Environmental Studies 12: Energy and the Environment (2007)

Spring 2007 Prof. Andy Friedland

Lectures: Tu/Th 10-11:50 111 Steele Hall

X-hour: W 3-3:50 646-3609

Room: 101 Fairchild Office hours: W/Th 2-3 & by app’t

Course Description: Every few years, it seems there’s another “energy crisis.” In the 1970s, the interruption of oil supplies from the Persian Gulf caused economic upheaval and inconvenience in the United States and other oil-importing nations and raised the issue of energy supply and scarcity. Energy production and use play key roles in a variety of environmental issues such as urban air pollution, acid deposition, environmental justice, the contamination and eutrophication of coastal ecosystems, and global climate change. Today, the use of energy and subsequent contribution to heat-trapping gases in the atmosphere is receiving the most attention. Hence a “sustainable” energy system must address questions of both resource scarcity and the long-term environmental impacts of energy technologies. This course provides an examination of principles governing the different energy supplies western societies have used, the impacts of energy use, and the major challenges that lie ahead in moving towards more sustainable energy systems in western society. We will draw on concepts and methods from environmental science, environmental studies, energy engineering, and occasionally economics. The course will teach students to analyze a variety of sustainable energy futures from an interdisciplinary applied science perspective. The main objective of this course is to give an understanding of the challenges that will confront our developed country in achieving a sustainable energy future.

Readings:

Boyle, G. (ed.). 2004. Renewable Energy: Power for a Sustainable Planet, 2e. Oxford University Press, New York. Chapters as assigned in syllabus.

Boschert, S. 2006. Plug-in Hybrids: The Cars That Will Recharge America. New Society Publishers, British Columbia. Start reading this now and finish by April 26.

All blogs by Lisa Margonelli (http://pipeline.blogs.nytimes.com/ ) and columns related to energy by Thomas Friedman (you must sign up for TimesSelect which is free at NYTimes.com) as well as readings available from the Rocky Mountain Institute (www.rmi.org).

Handouts and supplementary readings identified on Blackboard or given out in class.

Films and Documentaries on Reserve:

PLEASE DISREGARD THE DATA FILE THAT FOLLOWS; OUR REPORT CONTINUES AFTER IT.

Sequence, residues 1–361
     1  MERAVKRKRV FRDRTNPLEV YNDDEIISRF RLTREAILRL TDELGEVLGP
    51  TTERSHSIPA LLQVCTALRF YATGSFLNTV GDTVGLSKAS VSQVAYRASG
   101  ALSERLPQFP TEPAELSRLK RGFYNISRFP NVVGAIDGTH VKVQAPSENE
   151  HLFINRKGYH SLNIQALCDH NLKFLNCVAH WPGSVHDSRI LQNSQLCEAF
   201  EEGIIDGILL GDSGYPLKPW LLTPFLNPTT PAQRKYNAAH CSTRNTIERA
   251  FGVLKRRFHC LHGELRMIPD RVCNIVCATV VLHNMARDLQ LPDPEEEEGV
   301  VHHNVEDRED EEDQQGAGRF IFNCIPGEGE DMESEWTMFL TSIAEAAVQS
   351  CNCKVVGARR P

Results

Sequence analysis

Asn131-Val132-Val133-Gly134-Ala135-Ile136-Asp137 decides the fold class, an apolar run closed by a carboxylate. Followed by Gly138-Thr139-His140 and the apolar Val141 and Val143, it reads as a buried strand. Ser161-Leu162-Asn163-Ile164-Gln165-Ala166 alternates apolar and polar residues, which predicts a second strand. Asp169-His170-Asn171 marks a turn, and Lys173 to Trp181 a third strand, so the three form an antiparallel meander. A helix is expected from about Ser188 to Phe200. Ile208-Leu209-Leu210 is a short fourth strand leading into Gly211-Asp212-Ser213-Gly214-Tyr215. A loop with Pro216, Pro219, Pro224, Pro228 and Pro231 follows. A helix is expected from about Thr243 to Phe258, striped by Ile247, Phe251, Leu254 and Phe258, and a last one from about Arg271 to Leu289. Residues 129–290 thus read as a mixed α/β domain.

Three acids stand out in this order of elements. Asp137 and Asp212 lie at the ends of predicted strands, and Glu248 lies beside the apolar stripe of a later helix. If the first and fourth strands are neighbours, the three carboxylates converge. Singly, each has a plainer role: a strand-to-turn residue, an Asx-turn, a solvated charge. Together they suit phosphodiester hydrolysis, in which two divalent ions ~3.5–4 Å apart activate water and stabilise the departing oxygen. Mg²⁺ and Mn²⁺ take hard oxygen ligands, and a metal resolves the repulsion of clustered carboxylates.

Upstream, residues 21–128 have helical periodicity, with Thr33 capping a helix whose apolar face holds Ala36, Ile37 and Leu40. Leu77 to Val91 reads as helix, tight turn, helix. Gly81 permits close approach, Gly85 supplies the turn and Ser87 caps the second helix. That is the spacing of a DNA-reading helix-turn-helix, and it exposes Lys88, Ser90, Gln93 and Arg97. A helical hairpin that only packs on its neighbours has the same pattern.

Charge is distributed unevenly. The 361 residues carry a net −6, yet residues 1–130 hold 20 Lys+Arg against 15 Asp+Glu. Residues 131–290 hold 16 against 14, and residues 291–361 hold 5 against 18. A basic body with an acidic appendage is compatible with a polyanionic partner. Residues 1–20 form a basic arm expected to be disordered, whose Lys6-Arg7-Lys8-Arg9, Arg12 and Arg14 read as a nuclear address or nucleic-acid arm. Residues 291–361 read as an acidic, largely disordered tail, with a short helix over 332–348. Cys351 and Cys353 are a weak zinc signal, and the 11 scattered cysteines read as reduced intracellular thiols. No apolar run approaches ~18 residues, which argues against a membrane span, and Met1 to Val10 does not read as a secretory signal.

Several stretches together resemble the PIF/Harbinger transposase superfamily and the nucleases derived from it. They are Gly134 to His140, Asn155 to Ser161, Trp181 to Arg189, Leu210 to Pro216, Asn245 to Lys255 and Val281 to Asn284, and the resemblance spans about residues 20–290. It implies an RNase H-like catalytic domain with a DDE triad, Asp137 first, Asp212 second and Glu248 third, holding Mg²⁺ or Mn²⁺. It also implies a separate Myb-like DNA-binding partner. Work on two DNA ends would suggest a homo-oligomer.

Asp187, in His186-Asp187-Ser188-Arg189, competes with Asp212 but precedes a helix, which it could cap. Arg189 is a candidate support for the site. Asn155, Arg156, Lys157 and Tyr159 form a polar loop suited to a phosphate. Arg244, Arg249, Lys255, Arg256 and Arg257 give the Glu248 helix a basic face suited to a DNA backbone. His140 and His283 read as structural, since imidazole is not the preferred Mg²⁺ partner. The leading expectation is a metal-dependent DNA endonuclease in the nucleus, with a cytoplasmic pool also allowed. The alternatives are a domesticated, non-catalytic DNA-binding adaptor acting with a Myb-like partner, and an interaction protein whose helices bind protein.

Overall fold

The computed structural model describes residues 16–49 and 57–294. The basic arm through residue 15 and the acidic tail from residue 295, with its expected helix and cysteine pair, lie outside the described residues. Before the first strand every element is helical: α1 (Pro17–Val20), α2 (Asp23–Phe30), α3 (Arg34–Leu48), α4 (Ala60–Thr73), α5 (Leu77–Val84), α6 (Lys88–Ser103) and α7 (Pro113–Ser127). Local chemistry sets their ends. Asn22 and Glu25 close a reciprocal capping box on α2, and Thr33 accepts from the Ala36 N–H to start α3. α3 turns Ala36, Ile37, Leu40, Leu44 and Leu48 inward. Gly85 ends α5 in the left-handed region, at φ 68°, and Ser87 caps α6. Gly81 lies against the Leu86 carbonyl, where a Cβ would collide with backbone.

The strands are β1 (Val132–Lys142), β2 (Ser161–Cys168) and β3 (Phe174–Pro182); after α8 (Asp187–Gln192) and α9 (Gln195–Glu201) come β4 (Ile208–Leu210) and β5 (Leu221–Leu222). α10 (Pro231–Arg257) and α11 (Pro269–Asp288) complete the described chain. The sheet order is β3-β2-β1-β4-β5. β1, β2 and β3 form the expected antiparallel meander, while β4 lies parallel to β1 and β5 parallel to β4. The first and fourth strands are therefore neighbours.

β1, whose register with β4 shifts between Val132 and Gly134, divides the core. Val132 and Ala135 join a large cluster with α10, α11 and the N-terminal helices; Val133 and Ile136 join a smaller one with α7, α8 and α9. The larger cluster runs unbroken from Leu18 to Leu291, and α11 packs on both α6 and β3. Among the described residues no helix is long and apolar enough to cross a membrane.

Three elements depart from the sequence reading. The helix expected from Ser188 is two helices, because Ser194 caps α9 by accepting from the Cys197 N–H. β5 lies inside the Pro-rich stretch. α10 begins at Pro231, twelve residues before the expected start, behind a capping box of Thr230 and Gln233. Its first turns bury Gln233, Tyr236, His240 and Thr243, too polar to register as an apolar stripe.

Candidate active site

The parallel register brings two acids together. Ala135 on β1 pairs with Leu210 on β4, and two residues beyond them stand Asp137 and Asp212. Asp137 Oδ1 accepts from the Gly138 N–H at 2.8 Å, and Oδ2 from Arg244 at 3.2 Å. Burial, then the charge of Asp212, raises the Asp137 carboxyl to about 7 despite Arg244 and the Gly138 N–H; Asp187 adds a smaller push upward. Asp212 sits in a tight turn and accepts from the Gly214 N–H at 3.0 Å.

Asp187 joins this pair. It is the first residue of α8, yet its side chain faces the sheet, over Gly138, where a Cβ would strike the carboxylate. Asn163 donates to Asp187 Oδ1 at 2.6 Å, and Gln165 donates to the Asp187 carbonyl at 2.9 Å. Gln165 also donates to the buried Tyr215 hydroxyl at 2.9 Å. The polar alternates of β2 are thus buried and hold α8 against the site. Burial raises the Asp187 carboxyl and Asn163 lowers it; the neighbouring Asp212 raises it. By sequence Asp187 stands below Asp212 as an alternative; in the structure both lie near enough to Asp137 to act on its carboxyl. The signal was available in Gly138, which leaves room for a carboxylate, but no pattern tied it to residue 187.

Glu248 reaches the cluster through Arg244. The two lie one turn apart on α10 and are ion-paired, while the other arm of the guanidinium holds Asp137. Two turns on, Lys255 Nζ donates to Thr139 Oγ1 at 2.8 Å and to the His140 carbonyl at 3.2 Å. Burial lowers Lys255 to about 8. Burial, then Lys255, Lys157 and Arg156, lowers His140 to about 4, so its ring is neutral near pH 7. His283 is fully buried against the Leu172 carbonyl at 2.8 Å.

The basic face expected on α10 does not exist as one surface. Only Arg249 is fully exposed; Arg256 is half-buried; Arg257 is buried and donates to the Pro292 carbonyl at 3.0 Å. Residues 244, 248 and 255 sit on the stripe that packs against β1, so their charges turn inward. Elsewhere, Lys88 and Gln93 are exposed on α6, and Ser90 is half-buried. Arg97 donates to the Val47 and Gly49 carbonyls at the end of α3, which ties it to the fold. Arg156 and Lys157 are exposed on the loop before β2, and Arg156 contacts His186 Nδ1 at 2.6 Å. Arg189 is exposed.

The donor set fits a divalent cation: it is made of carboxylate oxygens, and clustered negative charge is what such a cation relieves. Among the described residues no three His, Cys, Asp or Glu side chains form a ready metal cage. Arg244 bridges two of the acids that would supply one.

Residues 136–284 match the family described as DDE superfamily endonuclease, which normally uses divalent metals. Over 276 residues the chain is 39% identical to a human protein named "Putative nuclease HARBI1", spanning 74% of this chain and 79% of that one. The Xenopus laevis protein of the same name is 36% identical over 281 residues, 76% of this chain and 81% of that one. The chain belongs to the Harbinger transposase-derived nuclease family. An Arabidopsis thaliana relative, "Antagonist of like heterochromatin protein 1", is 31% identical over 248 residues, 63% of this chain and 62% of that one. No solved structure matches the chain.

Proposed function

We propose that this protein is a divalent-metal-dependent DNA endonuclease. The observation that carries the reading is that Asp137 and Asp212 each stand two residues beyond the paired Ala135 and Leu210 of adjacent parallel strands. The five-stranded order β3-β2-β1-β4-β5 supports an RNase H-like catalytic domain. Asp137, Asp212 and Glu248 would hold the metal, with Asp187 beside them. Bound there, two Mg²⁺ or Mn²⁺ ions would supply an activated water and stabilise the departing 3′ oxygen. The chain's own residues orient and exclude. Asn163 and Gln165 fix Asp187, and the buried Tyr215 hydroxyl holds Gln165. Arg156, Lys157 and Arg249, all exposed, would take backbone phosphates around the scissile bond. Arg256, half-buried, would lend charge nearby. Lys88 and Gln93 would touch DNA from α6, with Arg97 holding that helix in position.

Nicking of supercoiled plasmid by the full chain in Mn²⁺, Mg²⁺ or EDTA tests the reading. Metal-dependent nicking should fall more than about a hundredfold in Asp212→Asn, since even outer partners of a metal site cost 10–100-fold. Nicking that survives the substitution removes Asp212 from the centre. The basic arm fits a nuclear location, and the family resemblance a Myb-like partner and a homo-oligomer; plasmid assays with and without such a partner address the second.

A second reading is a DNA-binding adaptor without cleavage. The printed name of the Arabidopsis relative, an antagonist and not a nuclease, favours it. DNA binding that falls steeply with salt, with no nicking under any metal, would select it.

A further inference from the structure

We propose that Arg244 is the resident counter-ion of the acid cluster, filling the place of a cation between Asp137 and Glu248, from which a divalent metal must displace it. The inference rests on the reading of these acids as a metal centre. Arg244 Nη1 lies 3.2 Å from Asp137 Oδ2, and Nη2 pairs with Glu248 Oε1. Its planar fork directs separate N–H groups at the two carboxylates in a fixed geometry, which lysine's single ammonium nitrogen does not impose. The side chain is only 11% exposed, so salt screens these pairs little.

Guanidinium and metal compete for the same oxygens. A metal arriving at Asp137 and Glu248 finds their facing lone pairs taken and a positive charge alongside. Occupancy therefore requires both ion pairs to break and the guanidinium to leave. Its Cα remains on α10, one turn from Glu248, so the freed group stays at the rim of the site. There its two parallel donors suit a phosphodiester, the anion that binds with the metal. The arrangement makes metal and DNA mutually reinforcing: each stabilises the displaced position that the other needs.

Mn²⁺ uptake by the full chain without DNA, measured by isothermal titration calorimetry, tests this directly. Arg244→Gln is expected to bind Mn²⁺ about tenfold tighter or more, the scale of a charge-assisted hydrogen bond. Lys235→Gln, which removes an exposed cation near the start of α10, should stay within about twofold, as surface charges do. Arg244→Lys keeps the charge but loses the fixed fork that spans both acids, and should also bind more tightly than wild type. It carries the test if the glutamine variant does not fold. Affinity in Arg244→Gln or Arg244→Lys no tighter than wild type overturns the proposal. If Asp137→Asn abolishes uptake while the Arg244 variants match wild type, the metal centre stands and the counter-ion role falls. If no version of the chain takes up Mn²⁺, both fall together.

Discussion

Who Killed The Electric Car, The China Syndrome, Oil On Ice, An Inconvenient Truth

Course Requirements and Grading:

Course evaluations will be based on one energy brief (15%), a midterm examination (25%), a final examination (25%), a carbon audit (20%), and “Most Viable Energy Choice” Poster (done in groups of 5) (15%). The carbon audit will involve calculating your own energy consumption for the previous year and converting that to fossil carbon emissions.

READ THIS!!! The Academic Honor Principle applies to all Dartmouth students at all times. I recognize the importance of the Honor Principle and expect you to do so as well. I encourage students with disabilities, including “invisible” disabilities like chronic diseases, learning disabilities, and psychiatric disabilities to discuss with us after class or during office hours appropriate accommodations that might be helpful to them. Some students may wish to take part in religious observances that occur during this academic term. If you have a religious observance that conflicts with your participation in the course, please see me before the end of the second week of the term to discuss appropriate accommodations.



Lectures and Readings

Date Topic Reading

“Ch” refers to the text edited by Boyle; links to all other articles can be found in the document entitled “Readings” which has been posted on Blackboard.

3/27 Introduction and Energy Conversions Ch 1, Blackboard

Part I: The Status Quo in the US

3/29 Fossil Fuels and Ethanol Ch 4, 10 (to p. 400)

4/03 Energy Demand Blackboard

4/05 Existing Electricity Supply including Hydroelectric Ch 5 (to p. 156)

Part II: Environmental Impacts of Conventional Technologies

4/10 Global Climate Change-recent developments Blackboard

4/12 Impacts of Fossil Fuels on Human Health Blackboard

4/12 7 PM Mandatory evening lecture in Filene Auditorium

“Global Climate Change & Emerging Infectious Diseases”

Dr. Paul Epstein, Harvard Medical School Blackboard

4/17 Impacts of Fossil Fuels and Acid Deposition Blackboard

4/19 Nuclear Power China Syndrome Blackboard

4/23 (Mon) Energy Brief Due at 3 PM

4/24 Power Plant Tour Blackboard

4/25 (Wed) X-hour Power Plant Tour alternate time

4/26 The Special Case of Personal Transportation Blackboard

5/01 In-class Exam (closed book)

Part III: Renewable Energy Systems

5/03 Objectives for A Successful Renewable Energy Program Blackboard

5/08 “Creating Your Poster” Workshop

Guest instructor: Susan Simon

Meet in Starr Instructional Center in Jones Media Center

5/10 Further Investigations into Personal Choices Blackboard

5/15 Solar Thermal and PV Ch 2,3

5/16 (Wed) Carbon Audit Due at 3 PM

5/17 Wind Ch 7

5/22 Hydroelectric: A Closer Look Ch 5

5/24 Weighing the Energy Sources and the Costs Ch 10

5/29 Posters due--Poster Session in Class

6/02 Two-hour In-class Final Exam during exam period (closed book)